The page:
Japanese Bobtail Longhair


As for Japanese Bobtail but with semi-longhair coat.

Javanese (US)


Identical to the Balinese but with Lynx/Tortie/Flame points

Javanese (NZ)


Self/Spotted/Tabby Balinese variants (i.e. non-pointed). See also: Oriental Longhair

Javanese (UK/Europe)

Archaic name

Old term for Oriental Longhair. See Oriental Longhair, Mandarin, Angora

Jungle Bob


Jungle Cat (F chaus) x PixieBob. Bob-tailed Jungle cat hybrid.



The New Zealand Jungala (recognised 2001) is an Ocicat in the classic tabby pattern. Apart from the classic tabby pattern, the conformation and temperament are the same as the Ocicat. The spotted Ocicat is derived from a mix of Abyssinian, Siamese and American Shorthair and also produces ticked tabby and classic tabby variants. Ticked tabbies may be used in breeding programs, but classic tabbies are not desirable. Unlike the Bengal's marbled pattern, the Jungala has the normal classic tabby pattern. The Ocicat and Jungala are inter-mateable and progeny registered according to their pattern. Spot-to-spot matings produce smaller spots; spot-to-classic matings produce larger spots. Jungalas come tawny (brown or black classic tabby), chocolate, cinnamon, blue, lavender or fawn and also in the silver versions of those colours. Its name comes from the Sanskrit word for "Jungle". See also: Classicat



Derived from Chausie x Bengal cross, renamed Poljun in 2014. Medium to large cats, with males larger than females. Athletic, but not heavily built. Powerful looking, active and intelligent, but never aggressive. Long forehead, slightly triangular (especially in females) with high, well-developed cheekbones, full muzzle and chin; rounded whisker pads. Ears medium/large, tall and erect, wide based, rounded tips with ear tufts preferred, placed close together on the top of head. Eves oval-to-round, medium to large but must not protrude; gold/yellow (preferred) to light green and intelligent-looking. Long, elegant, muscular body with deep chest. Hind legs longer than forelegs, medium boning and muscular. Long medium-thick tail. Coat short/medium and dense with a softer undercoat. All patterns have tabby markings on face, legs and tail, necklaces on chest. Brown ticked tabby spotted - sandy-gray to reddish gold ticked base coat, small spots on the body and a distinctly lighter colour around eyes and on muzzle. Brown black marbled - beige background with brown/black marbling. Black brown spotted - grey to brown background with darker spots or rosettes on the body and striped or spotted legs. White lockets are not allowed, but there may be some white specks in the coat like the Chausie's grizzle markings.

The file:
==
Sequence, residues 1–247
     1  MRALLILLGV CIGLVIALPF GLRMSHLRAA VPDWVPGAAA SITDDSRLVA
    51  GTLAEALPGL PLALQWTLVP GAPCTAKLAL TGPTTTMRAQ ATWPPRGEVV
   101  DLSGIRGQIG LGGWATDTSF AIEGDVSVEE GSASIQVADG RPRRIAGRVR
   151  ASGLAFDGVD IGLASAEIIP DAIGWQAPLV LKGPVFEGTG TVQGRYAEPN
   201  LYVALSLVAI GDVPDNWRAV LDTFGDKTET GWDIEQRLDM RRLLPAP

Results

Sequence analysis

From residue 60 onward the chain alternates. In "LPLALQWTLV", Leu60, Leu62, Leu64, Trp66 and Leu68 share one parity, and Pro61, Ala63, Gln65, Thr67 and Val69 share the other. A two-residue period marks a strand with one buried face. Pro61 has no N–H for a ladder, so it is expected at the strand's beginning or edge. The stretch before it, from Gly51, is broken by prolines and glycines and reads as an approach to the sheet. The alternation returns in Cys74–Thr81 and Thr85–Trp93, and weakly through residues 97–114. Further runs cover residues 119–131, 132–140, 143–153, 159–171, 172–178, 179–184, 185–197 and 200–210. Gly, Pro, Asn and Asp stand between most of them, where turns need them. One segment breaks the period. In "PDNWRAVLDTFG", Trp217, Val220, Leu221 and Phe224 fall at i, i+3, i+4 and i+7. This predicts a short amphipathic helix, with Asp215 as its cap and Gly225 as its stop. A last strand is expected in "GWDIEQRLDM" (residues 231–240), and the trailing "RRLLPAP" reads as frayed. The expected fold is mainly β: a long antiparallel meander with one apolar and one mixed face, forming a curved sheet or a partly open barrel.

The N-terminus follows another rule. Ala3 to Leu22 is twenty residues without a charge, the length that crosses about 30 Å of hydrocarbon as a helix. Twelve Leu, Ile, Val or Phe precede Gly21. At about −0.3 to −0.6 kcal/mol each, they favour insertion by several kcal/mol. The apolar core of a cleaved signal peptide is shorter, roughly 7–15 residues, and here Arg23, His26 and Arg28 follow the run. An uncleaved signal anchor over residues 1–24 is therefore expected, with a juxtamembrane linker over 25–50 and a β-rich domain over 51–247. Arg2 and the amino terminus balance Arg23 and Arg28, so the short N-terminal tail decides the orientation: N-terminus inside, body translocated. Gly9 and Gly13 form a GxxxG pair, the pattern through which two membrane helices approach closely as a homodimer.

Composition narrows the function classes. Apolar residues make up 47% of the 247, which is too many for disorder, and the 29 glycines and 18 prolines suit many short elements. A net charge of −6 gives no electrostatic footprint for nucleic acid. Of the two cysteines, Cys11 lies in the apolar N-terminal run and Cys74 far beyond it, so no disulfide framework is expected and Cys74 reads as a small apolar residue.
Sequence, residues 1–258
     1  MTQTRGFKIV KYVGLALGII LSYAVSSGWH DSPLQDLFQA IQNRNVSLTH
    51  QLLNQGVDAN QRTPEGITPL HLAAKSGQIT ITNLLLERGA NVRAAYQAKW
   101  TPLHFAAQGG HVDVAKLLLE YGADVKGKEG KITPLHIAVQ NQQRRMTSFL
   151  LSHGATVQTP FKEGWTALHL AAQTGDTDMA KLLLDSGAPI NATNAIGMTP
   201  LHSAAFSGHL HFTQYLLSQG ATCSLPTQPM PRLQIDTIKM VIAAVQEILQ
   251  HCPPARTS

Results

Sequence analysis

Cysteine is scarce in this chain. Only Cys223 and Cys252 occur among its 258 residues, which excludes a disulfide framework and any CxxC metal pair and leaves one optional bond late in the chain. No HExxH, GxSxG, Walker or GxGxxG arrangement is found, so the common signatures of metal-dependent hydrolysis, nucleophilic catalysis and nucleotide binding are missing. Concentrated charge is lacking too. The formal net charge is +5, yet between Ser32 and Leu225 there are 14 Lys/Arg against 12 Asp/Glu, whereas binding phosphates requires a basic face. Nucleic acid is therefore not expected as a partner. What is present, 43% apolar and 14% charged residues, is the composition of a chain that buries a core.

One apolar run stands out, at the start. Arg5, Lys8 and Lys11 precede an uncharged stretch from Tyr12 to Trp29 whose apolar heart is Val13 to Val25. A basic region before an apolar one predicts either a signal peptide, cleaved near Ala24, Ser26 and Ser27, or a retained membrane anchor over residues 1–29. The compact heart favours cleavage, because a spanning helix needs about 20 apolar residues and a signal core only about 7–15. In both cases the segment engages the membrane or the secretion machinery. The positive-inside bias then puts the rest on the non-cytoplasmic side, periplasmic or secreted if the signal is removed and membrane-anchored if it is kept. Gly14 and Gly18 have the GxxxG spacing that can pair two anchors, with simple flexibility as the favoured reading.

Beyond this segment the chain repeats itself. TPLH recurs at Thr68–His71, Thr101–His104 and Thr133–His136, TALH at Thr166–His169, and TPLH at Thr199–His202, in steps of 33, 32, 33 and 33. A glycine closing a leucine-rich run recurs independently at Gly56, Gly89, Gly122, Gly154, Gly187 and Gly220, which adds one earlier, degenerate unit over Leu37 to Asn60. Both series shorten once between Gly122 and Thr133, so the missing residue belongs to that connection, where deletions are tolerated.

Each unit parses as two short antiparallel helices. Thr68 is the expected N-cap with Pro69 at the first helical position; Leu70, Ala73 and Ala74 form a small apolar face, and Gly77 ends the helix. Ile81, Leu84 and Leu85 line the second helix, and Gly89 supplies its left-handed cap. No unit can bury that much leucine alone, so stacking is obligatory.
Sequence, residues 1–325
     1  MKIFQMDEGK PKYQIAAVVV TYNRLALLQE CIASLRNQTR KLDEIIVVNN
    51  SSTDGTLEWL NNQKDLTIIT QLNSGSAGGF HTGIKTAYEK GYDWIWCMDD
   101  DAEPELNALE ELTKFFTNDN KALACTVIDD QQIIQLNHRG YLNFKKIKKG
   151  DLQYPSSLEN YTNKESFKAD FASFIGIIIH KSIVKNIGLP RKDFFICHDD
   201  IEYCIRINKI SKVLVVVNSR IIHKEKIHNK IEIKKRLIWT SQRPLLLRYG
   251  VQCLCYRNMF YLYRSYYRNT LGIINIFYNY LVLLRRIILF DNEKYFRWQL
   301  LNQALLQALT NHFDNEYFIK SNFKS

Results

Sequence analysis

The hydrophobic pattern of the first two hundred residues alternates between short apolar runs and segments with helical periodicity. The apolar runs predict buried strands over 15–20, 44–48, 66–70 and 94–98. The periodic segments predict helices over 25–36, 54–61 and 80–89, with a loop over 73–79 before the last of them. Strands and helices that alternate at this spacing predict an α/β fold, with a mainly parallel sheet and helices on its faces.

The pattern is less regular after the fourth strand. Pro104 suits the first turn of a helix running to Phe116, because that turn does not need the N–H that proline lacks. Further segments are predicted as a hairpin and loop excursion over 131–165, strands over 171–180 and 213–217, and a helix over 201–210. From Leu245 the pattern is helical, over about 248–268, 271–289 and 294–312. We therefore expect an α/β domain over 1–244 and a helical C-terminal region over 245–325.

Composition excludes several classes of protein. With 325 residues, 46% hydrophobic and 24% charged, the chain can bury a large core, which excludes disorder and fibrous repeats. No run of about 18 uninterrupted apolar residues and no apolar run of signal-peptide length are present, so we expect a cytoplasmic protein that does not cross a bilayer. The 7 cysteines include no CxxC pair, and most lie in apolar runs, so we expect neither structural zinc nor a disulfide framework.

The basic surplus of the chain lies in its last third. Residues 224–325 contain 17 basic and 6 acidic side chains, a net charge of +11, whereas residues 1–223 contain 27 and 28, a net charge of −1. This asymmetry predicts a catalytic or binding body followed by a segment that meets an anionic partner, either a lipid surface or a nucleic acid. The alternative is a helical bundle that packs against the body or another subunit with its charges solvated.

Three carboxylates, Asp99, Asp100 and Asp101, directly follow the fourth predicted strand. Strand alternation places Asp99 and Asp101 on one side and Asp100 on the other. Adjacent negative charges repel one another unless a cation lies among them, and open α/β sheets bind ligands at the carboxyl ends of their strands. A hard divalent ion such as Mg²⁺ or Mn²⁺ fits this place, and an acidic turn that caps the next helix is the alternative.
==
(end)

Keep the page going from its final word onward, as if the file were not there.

Jungle Cat Hybrids


Any F chaus x Domestic Cat hybrid of which the Chausie and Euro-Chausie are best known. Other Jungle Cat hybrids include F chaus x black domestic shorthair (black panther-like hybrids) F chaus x Maine Coon (large hybrids), F chaus x Bengal, F chaus x PixieBob.

Jungle Curl


Jungle Cat (F chaus) x American Curl (Hemingway Curl) x outcrosses to domestic shorthairs, Serengetis, Jungle cat hybrids, pure Jungle Cats, Bengals, Egyptian Mau, and Abyssinians. Emphasis is on type, not on wild blkood percentage. No further crosses with American Curls or any form of bobtail or polydactyl. Has a tendency to have short tail, but this is being bred out as it may be inherited from domestic cats not Jungle Cats. Colours are ebony, blue, sorrel, fawn, chocolate, lilac (including silvers, sepias, snows). Patterns are tawny (ticked with faint barring on tail, legs, chest and face) and leopard (spotted, preferably rosetted, with barring on legs and tail). Sepia, mink and snow varieties have faint leopard spots to appear.


Alternative Name

See Cubbari.

Jungle Lynx


Jungle Cat (F chaus) x Bobcat. This is not a domestic breed but a cross between two wild species. Later generations will include domestic genes as they may be crossed to Savannah, Egyptian Mau, Serengeti, Desert Lynx and PixieBob domestic breeds.

CAT BREEDS TIME-LINE - A list of dates when breeds and varieties (i.e. populations which bred true) were discovered or recognised (now held on its own webpage due to the increasing size of this list).

CAT COLOURS & PATTERNS  - A plain English guide to cat colours and patterns, including breed-specific colours/patterns.

About this List of Breeds and the Breeds Time-Line
This file was originally started for my own interest back in the 1980s. Information on currently recognised cat breeds is readily available in books, from registries/governing bodies (GCCF, FIFe, ACFA etc), breed societies or on the Internet. Breed recognition and breed descriptions vary between registries and countries. This "layperson's list" contains general descriptions only and is not (nor will it ever be) specific to any single registry, breed society or cat-breeding country. It will not link to, nor name, any breeder pages or cattery pages as this would compromise its independence. It comprises information and trivia from diverse sources worldwide including historical texts and personal correspondence. I wish to express my gratitude to the various contributors who have helped me keep it up-to-date.